• In 2010, Roy Halladay also became the second player to have pitched a no-hitter game in the postseason ever in the history of the World baseball series, after Don Larsen, the legendary player of the New York Yankees in 1956. He even went on to become the second player to have pitched two no-hitters in the same season. So, he in total bowled a perfect game as well as a double no-hitter game in the same season!
  • In 2011, Roy Halladay formed one of the best-assembled rotations along with Roy Oswalt, Lee and Cole Hamels. These four were even touted as the ‘Phantastic Phours’ by their fans.
  • In 2011, Roy Halladay won the John Wanamaker Athletic Award and the ESPY Best Major League Player Award.
  • In 2012, Roy Halladay suffered a shoulder strain because of which he was put on the disabled list for about 15 days.
  • After his shoulder strain which eventually was found out to be a latissimus dorsi (stretching of the flat muscle on the back), he could not really get back to the game. Though he expressed his wish to play for the Philadelphia Phillies till the end of his playing career and win a World Series for his team, he even after coming back to the field in 2013, he struggled a lot during his training sessions.
  • Roy Halladay played for a short time in 2013 and even played in the Major League Baseball of that season, before ultimately announcing his retirement at the end of that year touting the recurring shoulder and back injury as the reason.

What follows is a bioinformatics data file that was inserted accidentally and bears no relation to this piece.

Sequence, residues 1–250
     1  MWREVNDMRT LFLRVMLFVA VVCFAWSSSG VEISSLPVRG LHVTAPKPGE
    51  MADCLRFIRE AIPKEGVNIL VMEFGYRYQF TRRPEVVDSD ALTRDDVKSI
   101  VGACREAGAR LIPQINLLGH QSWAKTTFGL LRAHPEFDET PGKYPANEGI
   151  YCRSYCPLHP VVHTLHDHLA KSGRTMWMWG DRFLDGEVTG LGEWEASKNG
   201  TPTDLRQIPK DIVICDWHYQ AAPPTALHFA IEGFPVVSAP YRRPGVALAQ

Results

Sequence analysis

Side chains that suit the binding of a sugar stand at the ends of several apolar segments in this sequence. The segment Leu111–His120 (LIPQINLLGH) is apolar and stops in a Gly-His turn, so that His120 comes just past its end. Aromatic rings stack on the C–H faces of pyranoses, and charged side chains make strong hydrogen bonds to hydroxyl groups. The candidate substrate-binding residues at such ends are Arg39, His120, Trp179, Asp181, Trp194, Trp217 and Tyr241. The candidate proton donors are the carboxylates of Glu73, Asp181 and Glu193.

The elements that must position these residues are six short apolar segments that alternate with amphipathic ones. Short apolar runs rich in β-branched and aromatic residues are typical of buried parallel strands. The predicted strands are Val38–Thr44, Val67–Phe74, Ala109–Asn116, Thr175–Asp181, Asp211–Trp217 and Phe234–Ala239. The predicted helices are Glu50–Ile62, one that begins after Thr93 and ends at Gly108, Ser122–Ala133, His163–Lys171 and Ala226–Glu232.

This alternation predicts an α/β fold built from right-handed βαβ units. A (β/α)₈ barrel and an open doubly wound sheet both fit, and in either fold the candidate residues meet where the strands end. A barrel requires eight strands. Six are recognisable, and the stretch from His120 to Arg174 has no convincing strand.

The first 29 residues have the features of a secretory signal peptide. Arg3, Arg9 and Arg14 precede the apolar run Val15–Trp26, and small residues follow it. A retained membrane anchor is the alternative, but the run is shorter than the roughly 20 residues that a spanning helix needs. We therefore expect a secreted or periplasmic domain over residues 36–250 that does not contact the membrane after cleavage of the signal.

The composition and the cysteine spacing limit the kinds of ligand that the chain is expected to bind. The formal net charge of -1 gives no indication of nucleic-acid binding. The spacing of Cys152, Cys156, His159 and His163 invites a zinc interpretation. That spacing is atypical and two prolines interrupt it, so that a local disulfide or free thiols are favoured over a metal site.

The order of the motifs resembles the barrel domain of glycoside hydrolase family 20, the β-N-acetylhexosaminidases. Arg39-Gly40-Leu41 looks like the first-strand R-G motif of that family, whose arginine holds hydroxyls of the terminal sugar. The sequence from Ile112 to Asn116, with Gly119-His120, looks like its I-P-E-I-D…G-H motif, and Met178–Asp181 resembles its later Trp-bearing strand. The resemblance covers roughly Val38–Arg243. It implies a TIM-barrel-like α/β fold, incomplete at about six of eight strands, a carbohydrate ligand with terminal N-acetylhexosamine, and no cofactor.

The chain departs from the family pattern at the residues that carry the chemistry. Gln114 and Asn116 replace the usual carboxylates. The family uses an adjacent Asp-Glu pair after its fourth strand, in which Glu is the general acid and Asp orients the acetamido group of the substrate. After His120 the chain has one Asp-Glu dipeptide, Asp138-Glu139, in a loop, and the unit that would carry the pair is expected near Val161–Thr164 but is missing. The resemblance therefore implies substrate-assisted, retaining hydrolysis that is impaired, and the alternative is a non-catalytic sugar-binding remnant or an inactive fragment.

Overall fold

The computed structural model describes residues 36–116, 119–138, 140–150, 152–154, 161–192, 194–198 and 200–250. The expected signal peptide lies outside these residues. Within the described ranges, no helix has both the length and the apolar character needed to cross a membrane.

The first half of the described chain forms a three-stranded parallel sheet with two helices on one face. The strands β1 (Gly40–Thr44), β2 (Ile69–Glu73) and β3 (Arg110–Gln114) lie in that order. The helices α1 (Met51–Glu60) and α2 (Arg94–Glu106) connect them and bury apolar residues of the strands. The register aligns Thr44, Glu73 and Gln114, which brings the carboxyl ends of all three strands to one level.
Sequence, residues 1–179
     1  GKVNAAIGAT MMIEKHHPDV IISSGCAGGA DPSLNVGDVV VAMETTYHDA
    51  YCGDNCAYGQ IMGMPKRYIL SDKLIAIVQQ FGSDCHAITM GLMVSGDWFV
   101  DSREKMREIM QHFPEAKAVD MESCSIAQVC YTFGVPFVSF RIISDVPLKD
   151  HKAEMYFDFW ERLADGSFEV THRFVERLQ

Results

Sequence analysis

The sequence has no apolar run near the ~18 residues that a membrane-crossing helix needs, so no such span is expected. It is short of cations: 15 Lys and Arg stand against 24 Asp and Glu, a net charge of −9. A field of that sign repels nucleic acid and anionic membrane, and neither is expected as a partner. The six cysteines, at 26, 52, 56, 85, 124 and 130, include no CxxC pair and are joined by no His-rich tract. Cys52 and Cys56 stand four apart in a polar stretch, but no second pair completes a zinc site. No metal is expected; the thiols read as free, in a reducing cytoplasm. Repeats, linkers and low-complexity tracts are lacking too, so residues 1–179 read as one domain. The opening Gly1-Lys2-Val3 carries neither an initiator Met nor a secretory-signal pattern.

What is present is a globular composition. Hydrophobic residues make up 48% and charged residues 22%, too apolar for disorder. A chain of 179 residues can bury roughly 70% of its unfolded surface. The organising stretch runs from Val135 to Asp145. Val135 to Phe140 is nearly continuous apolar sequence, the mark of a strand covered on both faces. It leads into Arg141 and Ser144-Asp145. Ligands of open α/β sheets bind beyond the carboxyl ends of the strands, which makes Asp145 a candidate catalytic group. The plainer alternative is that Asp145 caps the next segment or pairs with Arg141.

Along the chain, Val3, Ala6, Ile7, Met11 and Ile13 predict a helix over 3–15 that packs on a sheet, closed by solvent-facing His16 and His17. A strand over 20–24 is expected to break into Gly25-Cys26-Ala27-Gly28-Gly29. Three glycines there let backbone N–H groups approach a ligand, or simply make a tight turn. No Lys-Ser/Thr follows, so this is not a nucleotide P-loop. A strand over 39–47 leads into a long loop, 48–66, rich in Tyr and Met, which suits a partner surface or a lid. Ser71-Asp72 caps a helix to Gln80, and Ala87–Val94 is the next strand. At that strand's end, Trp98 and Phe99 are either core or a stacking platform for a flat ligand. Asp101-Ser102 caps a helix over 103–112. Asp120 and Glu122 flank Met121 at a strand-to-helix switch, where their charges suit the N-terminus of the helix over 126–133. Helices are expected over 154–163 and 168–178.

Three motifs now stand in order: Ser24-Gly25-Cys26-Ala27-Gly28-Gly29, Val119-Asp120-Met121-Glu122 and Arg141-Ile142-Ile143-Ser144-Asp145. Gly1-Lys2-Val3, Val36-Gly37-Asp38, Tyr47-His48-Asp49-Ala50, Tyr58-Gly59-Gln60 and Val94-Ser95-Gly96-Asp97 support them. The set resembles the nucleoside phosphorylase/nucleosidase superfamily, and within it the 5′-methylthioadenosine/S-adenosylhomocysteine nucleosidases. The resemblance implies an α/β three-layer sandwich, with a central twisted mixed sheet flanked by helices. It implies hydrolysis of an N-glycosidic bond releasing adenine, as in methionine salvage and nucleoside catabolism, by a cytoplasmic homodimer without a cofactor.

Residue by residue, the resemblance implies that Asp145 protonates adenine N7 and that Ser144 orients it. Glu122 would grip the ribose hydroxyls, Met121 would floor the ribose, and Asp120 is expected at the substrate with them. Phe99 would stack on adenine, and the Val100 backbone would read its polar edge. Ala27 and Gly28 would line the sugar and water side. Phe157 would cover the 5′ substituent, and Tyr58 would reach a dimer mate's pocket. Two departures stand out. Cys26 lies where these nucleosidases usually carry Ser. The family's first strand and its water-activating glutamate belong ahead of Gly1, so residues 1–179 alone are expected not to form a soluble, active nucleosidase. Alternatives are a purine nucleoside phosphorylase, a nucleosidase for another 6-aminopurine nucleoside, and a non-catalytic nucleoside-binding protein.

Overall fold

• After his retirement, Roy Halladay served as a guest instructor for both the teams he played for during his on-field professional baseball career (the Toronto Blue Jays and the Philadelphia Phillies) and even became the mental skills coach for the latter team.
  • In 2017 and 2019, he made his way into the Canadian Hall of Fame and the Baseball Hall of Fame, respectively.
  • Throughout his career, Roy Halladay was famous for throwing sinking fastballs.
  • Roy Halladay had two sons whom he named Braden and Ryan with his wife Brandy Gates.
  • Roy Halladay’s elder son, Braden Halladay, also was very keen to play baseball and pursue it professionally. He even joined his school baseball team during early life in his High school in Florida.
  • Roy Halladay always did his bit of social work by donating charity to Health care foundations and helping underprivileged kids to get proper medical care.
  • Roy Halladay died in an aircraft crash in 2017. His airplane was crashed in the Gulf of Mexico under unknown circumstances and undetected reasons.

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About the author

Jon Snow